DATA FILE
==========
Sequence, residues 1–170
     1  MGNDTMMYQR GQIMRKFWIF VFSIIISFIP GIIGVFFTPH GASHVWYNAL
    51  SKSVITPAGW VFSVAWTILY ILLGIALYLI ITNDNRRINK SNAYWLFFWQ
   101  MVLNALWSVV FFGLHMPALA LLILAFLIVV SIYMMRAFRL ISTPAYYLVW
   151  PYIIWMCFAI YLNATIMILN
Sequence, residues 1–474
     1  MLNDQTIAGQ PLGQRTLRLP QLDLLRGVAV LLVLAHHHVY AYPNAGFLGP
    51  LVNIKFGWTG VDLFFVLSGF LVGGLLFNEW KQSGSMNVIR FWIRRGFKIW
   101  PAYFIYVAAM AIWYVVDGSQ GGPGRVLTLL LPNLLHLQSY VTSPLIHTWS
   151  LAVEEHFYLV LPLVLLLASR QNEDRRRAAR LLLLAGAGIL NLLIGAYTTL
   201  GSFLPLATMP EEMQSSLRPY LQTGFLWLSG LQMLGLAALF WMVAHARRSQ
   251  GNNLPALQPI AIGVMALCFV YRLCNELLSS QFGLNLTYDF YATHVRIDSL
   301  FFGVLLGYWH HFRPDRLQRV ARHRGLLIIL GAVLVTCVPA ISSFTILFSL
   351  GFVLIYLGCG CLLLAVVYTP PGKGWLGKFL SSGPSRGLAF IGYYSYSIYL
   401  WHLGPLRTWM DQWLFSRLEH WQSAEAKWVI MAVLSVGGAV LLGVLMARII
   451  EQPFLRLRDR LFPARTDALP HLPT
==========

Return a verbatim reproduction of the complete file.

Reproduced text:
Sequence, residues 1–170
     1  MGNDTMMYQR GQIMRKFWIF VFSIIISFIP GIIGVFFTPH GASHVWYNAL
    51  SKSVITPAGW VFSVAWTILY ILLGIALYLI ITNDNRRINK SNAYWLFFWQ
   101  MVLNALWSVV FFGLHMPALA LLILAFLIVV SIYMMRAFRL ISTPAYYLVW
   151  PYIIWMCFAI YLNATIMILN
Sequence, residues 1–474
     1  MLNDQTIAGQ PLGQRTLRLP QLDLLRGVAV LLVLAHHHVY AYPNAGFLGP
    51  LVNIKFGWTG VDLFFVLSGF LVGGLLFNEW KQSGSMNVIR FWIRRGFKIW
   101  PAYFIYVAAM AIWYVVDGSQ GGPGRVLTLL LPNLLHLQSY VTSPLIHTWS
   151  LAVEEHFYLV LPLVLLLASR QNEDRRRAAR LLLLAGAGIL NLLIGAYTTL
   201  GSFLPLATMP EEMQSSLRPY LQTGFLWLSG LQMLGLAALF WMVAHARRSQ
   251  GNNLPALQPI AIGVMALCFV YRLCNELLSS QFGLNLTYDF YATHVRIDSL
   301  FFGVLLGYWH HFRPDRLQRV ARHRGLLIIL GAVLVTCVPA ISSFTILFSL
   351  GFVLIYLGCG CLLLAVVYTP PGKGWLGKFL SSGPSRGLAF IGYYSYSIYL
   401  WHLGPLRTWM DQWLFSRLEH WQSAEAKWVI MAVLSVGGAV LLGVLMARII
   451  EQPFLRLRDR LFPARTDALP HLPT